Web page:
Here at the Fool, we recognise the futility of trying to make predictions about the direction of markets, at least in the very short term. Indeed, one of the most curious things about investing in equities is that we can be far less confident of where the main indexes will be in a couple of months compared to where they will be in a couple of decades. So, the simple answer to whether things will pick up before the end of 2018 is: no one knows.
Notwithstanding this, I think that looking to the past to get a feeling for what might happen could be useful.
Goodbye and good riddance
It’s fair to say that the vast majority of investors can’t wait to see the back of October. With the FTSE 100 and FTSE 250 down almost 8% and 10% respectively before markets opened this morning, that’s somewhat understandable.
It may, therefore, surprise Foolish readers to learn that the 10th month of the year is traditionally one of the best in terms of performance. It’s just that when markets do wobble in October, they wobble rather violently. Those old enough to remember the 1987 crash — during which the FTSE 100 fell 12.2% in a single day — will surely agree.
Given that this October has been such a shocker, does this mean we can expect things to get even worse in November? Not necessarily. The latter tends to be a fairly average month if the past is anything to go by.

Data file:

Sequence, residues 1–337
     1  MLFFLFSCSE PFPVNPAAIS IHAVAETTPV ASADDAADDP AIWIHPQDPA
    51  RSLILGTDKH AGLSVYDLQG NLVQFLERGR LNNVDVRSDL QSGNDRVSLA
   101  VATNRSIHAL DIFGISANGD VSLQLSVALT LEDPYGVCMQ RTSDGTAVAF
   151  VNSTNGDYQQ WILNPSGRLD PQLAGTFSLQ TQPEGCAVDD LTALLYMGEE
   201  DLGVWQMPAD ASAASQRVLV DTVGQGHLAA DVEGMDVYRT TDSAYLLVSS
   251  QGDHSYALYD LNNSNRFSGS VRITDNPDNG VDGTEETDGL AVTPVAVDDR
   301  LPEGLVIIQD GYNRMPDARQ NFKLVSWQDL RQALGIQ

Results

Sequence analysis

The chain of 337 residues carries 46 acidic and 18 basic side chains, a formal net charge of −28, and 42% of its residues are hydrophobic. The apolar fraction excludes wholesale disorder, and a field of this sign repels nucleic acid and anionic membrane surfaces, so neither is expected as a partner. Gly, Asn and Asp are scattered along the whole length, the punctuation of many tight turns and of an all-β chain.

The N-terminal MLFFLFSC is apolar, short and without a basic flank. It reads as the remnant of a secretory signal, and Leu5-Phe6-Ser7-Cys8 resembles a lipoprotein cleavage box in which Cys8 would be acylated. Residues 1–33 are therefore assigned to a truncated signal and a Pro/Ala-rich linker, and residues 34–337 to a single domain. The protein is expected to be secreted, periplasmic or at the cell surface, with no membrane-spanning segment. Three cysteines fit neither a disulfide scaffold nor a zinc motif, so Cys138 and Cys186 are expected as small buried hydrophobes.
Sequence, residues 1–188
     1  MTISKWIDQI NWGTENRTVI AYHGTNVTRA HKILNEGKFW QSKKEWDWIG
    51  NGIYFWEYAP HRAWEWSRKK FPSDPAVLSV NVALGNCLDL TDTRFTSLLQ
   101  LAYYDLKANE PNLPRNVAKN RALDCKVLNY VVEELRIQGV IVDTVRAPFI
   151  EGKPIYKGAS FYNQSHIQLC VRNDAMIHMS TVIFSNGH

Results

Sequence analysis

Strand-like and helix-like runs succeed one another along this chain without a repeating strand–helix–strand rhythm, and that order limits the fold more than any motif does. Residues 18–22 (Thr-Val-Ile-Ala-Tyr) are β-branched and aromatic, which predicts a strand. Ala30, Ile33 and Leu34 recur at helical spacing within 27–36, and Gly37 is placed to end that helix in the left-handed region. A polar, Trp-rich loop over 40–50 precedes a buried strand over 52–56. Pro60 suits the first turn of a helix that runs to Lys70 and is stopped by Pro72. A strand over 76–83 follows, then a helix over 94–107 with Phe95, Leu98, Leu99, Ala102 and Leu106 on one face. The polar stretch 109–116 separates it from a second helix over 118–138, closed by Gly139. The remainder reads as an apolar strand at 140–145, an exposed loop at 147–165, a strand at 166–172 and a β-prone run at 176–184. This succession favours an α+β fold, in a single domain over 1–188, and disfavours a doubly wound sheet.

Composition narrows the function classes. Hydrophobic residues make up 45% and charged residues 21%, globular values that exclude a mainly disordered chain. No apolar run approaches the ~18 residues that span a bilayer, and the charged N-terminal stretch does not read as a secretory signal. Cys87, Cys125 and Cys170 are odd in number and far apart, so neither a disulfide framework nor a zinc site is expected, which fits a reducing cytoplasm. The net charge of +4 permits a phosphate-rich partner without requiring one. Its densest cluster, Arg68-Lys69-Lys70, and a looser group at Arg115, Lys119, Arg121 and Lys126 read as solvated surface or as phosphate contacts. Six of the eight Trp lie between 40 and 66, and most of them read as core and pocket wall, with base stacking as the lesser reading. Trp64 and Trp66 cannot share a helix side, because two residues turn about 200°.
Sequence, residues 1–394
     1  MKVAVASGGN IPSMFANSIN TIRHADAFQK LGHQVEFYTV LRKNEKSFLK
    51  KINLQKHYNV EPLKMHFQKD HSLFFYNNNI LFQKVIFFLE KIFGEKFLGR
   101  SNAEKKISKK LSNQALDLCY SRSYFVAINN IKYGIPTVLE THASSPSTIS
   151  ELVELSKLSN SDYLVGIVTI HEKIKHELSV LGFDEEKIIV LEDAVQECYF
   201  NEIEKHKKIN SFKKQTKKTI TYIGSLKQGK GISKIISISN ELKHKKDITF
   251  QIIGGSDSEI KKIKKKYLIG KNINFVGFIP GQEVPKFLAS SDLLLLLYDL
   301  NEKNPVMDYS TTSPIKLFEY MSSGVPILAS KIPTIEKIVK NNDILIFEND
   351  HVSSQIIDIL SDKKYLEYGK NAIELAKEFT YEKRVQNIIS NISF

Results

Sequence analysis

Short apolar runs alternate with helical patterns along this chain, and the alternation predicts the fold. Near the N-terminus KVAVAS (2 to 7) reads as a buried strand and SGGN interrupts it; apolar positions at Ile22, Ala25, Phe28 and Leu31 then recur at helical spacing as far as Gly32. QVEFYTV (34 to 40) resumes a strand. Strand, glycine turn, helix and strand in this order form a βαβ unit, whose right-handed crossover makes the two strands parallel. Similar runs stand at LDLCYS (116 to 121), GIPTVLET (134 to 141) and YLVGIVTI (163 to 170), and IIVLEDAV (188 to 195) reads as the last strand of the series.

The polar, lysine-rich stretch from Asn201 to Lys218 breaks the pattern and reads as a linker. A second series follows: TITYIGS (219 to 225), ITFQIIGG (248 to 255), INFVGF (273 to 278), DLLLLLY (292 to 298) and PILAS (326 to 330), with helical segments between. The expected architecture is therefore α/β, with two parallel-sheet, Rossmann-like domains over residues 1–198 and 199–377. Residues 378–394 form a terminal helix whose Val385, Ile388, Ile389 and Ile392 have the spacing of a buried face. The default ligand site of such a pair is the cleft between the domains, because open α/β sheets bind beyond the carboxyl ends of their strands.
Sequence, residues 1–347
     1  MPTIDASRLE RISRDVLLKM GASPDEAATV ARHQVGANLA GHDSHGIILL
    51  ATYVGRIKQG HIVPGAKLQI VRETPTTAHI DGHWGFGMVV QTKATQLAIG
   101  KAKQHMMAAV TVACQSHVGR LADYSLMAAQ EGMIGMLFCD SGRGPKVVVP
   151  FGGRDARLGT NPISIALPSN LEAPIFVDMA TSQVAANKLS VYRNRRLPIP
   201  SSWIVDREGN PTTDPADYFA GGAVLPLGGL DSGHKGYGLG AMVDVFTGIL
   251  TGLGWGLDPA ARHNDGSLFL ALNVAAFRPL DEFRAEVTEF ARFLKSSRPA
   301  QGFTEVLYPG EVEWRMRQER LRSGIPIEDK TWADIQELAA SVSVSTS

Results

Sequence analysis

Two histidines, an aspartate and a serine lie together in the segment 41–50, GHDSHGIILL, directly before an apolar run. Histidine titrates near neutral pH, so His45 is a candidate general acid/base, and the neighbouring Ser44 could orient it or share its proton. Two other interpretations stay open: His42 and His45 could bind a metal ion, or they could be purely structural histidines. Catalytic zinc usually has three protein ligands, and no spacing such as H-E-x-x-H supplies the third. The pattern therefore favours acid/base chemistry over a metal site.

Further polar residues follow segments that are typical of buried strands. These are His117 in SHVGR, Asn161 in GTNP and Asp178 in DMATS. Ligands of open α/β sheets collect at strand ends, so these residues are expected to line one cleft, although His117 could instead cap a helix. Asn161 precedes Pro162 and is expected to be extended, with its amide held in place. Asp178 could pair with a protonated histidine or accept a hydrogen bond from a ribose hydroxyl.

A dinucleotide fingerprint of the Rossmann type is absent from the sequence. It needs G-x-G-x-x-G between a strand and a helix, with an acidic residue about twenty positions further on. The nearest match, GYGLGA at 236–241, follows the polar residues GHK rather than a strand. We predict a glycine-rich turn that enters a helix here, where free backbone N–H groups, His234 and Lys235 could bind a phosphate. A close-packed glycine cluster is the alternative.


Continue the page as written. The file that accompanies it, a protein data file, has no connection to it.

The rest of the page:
According to research conducted by Steven Eckett — author of Harriman’s Stock Market Almanac — the FTSE 100 has climbed in 59% of years in November, leaving it slap bang in the middle in terms of performance compared to the other 11 months.
Perhaps more interestingly, November tends to be the start of the strongest half of the year for markets (in contrast to May-October). So, if you’re an advocate of the ‘Sell in May’ theory, it would seem logical to load up on shares going into the end of the year.
So, things could pick up?
Again, we can’t say for sure. Nevertheless, records suggest December to be the best month of the year for equities.
The FTSE 100 index has climbed in 78% of all years since 1984 with the final two weeks of trading before the Christmas break tending to be the strongest in the whole year. If there is to be a Santa Rally, Eckett suggests focusing on what happens on the 9th trading day of the month. This tends to be the moment at which things really shift up a gear.
Of course, anything can happen. Should interest rates in the US continue to rise, Brexit negotiations fall apart (again) and the economic situation in Italy go from bad to worse, there’s every chance that 2018 will end on a low note. Banking on an end-of-year rally to make up for (paper) losses sustained over October isn’t advised.
As always, any investments should be based on a sober analysis of what you’re trying to achieve and by when. Those nearing or in retirement and fearful of a bear market might consider moving to less risky assets. In contrast, I think those with decades of investing ahead of them should think about taking full advantage of any sustained weakness so long as funds allow.
The Motley Fool UK has no position in any of the shares mentioned. Views expressed on the companies mentioned in this article are those of the writer and therefore may differ from the official recommendations we make in our subscription services such as Share Advisor, Hidden Winners and Pro. Here at The Motley Fool we believe that considering a diverse range of insights makes us better investors.